MEL ROJAS, JR.
|Born: May 24, 1990
Height: 6′ 3″
Drafted: 3rd Round, 84th Overall, 2010
How Acquired: Draft
College: Wabash Valley CC
WTM’S PIRATE PLAYER PROFILES
|Rojas is a very toolsy player who drew conflicting opinions from scouts. Baseball America ranked him 135th overall among draft prospects, while PGCrosschecker ranked him 51st. His hitting approach was erratic and inspired differing views from scouts, depending on when they saw him. There was even disagreement about his speed, which is bizarre, considering that scouts all have stopwatches. For what it’s worth, his speed strikes me as good but not great. He has a short stride and a heavy lower half, though, so he may start losing his speed early. Defensively, he may be a legitimate centerfielder and may not, but he definitely has the arm for right. Rojas has a great deal of upside, regardless, and some scouts saw him as the elusive, potential five-tool player. He’s the son of the former major league reliever and was born in the Dominican before attending school in the US. He redshirted during his first JC season. He agreed to terms in mid-July, surprisingly for slot money.
Rojas struggled at State College. He was very tentative at the plate, taking defensive swings and not hitting anything hard. He showed a willingness to take pitches, at least. He had only seven extra base hits, all doubles and struck out in a quarter of his ABs.
Rojas spent the year as the centerfielder at West Virginia and his struggles continued early in the season. He managed to hit for a barely passable average, but with almost no power or walks. In April and May, he had just four extra base hits, again all doubles, in 190 ABs. He also drew only seven walks and fanned 47 times, over a quarter of his ABs. From June on, however, he had 26 XBHs, including seven triples and five HRs, in 318 ABs. From July on, he greatly improved his walk rate, with 31, although he still struck out in over a fifth of his ABs. He was much better hitting from the left side than the right, with an OPS of .684 from the left side and .542 from the right. His plate discipline issues were especially pronounced hitting right-handed: he had only ten walks and 43 Ks, striking out once every three ABs. Hitting left-handed he had 36 walks and 76 Ks. Rojas played well defensively and stole a good number of bases, but with a low success rate.
Rojas didn’t make much progress at Bradenton. He seemed to be coming around in May, when he posted an OPS of .787, but he slumped after that and never got hot again. He continued to struggle badly from the right side, with a .592 OPS, as opposed to .690 hitting left-handed. His plate discipline remained weak and he hit for only a little more power. He played mostly center and continued to show a good arm and good range.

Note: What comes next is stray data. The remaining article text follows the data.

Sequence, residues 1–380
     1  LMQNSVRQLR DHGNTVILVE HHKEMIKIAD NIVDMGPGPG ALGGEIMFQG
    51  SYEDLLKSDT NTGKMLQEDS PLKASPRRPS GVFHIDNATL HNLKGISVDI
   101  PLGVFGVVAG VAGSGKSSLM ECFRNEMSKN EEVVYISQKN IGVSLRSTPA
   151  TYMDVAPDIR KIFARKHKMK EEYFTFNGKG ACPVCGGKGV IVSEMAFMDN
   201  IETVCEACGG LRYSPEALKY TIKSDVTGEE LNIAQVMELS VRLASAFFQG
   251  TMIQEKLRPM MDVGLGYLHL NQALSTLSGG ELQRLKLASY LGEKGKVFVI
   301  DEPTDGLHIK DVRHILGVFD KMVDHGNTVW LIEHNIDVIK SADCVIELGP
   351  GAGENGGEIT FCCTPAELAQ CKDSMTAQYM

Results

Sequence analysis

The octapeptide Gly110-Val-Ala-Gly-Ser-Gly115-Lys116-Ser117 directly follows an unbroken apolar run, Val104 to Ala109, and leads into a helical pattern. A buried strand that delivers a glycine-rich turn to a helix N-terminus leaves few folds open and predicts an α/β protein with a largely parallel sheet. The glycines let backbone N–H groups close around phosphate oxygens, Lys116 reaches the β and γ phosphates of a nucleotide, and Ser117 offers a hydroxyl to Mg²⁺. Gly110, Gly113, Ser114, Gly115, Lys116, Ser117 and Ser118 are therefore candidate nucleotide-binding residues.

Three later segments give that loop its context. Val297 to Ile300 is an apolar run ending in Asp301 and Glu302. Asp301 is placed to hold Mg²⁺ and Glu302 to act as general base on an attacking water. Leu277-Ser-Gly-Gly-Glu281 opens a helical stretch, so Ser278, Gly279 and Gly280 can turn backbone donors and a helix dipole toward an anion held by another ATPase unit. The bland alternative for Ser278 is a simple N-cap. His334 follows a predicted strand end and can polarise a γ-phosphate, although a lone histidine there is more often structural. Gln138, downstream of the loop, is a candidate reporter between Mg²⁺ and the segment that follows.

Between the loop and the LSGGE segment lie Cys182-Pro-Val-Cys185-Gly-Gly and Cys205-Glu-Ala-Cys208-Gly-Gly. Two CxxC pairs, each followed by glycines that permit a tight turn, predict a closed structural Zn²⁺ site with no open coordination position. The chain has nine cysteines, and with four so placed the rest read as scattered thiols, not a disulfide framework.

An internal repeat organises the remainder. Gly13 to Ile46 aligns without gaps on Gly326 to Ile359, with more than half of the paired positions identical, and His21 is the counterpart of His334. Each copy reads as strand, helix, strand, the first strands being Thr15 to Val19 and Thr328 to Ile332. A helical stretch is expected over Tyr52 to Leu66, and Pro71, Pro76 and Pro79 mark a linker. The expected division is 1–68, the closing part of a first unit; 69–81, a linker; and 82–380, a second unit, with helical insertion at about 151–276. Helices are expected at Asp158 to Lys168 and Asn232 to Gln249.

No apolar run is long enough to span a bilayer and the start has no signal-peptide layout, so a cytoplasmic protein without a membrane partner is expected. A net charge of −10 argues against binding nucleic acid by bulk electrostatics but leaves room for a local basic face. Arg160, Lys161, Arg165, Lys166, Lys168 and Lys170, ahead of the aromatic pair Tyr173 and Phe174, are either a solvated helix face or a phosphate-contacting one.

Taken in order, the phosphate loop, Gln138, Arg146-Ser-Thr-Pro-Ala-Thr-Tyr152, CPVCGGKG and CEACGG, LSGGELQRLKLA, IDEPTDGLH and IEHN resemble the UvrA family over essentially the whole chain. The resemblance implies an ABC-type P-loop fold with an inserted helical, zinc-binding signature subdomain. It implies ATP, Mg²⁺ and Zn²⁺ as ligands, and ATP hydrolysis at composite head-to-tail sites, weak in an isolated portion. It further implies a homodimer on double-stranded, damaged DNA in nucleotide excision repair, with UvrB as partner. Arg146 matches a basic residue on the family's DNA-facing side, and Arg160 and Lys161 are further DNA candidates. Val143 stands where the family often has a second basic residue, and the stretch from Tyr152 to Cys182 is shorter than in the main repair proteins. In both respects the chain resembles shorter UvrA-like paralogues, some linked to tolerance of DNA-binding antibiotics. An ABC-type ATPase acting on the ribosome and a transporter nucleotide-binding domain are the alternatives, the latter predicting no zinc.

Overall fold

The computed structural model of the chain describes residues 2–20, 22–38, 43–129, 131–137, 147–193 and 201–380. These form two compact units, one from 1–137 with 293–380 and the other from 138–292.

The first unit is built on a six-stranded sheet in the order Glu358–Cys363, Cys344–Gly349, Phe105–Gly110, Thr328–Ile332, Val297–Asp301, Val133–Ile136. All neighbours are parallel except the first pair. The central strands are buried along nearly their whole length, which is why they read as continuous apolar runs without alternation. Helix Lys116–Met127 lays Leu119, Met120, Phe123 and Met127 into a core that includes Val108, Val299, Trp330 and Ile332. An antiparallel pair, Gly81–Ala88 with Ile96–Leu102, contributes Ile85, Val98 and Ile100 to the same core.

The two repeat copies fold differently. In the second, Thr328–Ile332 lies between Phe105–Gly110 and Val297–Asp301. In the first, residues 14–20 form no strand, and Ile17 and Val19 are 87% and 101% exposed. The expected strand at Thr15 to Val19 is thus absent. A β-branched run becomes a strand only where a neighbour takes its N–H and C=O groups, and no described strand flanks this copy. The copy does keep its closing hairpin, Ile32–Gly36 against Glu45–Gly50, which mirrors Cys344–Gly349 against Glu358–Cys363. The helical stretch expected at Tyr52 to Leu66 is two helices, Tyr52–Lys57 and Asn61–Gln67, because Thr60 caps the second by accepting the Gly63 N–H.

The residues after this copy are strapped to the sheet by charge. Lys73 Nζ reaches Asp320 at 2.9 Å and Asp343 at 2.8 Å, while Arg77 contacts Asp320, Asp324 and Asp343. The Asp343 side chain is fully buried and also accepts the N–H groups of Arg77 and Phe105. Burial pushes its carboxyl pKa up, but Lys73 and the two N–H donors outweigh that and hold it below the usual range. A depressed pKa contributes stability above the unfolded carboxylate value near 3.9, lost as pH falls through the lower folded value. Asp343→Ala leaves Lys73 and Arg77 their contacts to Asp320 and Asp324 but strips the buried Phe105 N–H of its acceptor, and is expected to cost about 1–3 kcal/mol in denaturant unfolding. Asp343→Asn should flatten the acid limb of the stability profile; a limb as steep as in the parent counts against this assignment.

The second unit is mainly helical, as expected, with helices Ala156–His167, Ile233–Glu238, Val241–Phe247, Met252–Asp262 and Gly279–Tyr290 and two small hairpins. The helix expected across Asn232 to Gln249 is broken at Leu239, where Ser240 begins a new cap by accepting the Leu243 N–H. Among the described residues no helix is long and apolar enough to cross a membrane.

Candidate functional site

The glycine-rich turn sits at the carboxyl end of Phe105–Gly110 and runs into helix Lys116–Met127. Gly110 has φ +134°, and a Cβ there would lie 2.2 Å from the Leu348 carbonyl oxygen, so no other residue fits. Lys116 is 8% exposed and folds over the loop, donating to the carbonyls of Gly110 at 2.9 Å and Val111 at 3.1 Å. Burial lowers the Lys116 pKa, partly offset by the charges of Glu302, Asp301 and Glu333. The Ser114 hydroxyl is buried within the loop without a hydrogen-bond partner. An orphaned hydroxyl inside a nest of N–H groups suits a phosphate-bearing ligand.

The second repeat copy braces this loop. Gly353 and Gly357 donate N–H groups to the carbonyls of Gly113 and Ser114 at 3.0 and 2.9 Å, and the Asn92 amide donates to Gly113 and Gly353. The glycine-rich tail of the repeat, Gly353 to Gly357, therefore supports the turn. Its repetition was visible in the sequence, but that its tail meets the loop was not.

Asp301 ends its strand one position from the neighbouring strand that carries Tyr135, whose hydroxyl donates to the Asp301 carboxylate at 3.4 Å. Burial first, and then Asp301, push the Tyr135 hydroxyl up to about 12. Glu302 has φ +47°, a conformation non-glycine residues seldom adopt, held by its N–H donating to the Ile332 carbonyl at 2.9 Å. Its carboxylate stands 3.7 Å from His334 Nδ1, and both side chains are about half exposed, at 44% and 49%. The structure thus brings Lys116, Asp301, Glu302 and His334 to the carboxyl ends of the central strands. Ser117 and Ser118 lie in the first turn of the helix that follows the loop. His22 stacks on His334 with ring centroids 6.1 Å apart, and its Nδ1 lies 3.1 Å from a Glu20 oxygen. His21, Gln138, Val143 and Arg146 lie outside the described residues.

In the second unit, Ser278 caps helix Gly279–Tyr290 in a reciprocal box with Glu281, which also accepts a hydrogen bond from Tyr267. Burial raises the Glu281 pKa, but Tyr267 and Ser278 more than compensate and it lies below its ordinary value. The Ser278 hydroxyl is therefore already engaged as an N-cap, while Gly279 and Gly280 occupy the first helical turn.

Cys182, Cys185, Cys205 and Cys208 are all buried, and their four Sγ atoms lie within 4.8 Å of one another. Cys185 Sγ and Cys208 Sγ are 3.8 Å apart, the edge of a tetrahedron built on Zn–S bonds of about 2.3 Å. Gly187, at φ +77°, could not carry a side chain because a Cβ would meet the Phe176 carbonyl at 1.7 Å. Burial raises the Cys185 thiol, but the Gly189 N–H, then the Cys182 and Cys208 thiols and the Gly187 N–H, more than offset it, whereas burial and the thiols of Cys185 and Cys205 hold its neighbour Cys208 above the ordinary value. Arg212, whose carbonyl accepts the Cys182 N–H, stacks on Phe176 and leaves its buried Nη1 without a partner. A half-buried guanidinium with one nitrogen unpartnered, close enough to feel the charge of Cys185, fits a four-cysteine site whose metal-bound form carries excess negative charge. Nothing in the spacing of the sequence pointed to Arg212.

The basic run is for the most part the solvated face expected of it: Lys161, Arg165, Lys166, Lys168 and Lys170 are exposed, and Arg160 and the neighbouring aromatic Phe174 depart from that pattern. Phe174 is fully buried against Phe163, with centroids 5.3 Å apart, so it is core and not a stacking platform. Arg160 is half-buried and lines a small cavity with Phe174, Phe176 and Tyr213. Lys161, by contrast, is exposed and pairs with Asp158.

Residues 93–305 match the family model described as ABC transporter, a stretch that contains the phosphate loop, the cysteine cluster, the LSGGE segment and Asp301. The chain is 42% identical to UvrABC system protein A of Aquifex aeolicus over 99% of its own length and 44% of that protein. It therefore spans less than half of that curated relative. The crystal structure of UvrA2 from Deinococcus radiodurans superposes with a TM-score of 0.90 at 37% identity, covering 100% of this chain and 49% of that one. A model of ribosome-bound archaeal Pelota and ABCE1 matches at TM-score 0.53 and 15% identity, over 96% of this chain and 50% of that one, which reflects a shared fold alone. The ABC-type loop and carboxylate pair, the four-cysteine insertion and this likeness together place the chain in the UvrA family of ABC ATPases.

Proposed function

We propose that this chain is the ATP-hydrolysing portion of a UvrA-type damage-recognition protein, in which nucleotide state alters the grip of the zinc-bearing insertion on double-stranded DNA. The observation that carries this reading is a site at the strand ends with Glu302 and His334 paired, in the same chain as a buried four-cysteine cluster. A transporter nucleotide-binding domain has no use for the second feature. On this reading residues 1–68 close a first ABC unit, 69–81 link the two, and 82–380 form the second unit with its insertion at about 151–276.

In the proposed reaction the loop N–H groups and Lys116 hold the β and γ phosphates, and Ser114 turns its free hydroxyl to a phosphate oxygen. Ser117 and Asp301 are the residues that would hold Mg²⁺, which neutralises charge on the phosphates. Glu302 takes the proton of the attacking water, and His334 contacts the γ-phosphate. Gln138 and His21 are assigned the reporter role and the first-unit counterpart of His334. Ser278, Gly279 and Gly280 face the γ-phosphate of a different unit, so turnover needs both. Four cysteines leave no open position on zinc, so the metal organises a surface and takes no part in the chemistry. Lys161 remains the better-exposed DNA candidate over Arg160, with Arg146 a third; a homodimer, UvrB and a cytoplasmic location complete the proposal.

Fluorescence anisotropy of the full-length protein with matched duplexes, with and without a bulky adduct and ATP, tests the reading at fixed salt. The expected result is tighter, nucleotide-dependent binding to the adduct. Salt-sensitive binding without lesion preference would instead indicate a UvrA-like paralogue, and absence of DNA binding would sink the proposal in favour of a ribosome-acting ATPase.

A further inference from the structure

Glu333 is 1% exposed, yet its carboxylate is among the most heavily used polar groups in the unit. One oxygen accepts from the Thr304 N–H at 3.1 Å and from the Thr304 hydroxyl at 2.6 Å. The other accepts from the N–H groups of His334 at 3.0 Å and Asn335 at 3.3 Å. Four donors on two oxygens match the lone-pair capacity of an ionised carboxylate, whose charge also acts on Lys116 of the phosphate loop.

Rojas had easily his best season as a pro, although it fell short of being a real breakout year. He struggled early, with a .628 OPS in April, but improved in May and then got hot in June. Unfortunately, after posting an .843 OPS through mid-June, he missed the second half of the month with an oblique injury. He had an OPS of .751 over the rest of the season. In the end, Rojas posted career highs in all the slash stats by comfortable margins. He also improved significantly against LHPs, with a .730 OPS against them compared to .747 against RHPs. His plate discipline remained marginal. Rojas played center until Gregory Polanco moved up from Bradenton, when he moved to left.
Rojas was eligible for the Rule 5 draft; the Pirates didn’t add him to the 40-man roster and he wasn’t selected. They sent him back to Altoona to open the season, playing him in center. Rojas continued improving, hitting for a better average with better plate discipline, and showing slightly more power. On the last day of May, the Pirates promoted Rojas to AAA and he spent the rest of the year there, dividing his time among the three outfield positions. He adjusted well, continuing to draw walks at a good rate, although he had more trouble making contact. Overall, he hit better right-handed (.853 OPS) than left-handed (.769).
Rojas has turned into a solid, all-around player who doesn’t do any one thing exceptionally well. He profiles best as a fourth outfielder, because he doesn’t have the power typical for a corner outfielder or the speed for center, although he can play center at least respectably. He’ll be eligible for the Rule 5 draft again. At first blush, he seems an obvious candidate to be added to the roster, but the Pirates may not see it that way. Curiously, they generally batted him near the bottom of the order at Indianapolis, behind players who weren’t hitting as well as he was, and late in the season his playing time became sporadic. Among other things, he sat out several late-season games while Michael Martinez started in the outfield. For these reasons, it wasn’t a big surprise when they failed to add Rojas to the 40-man roster.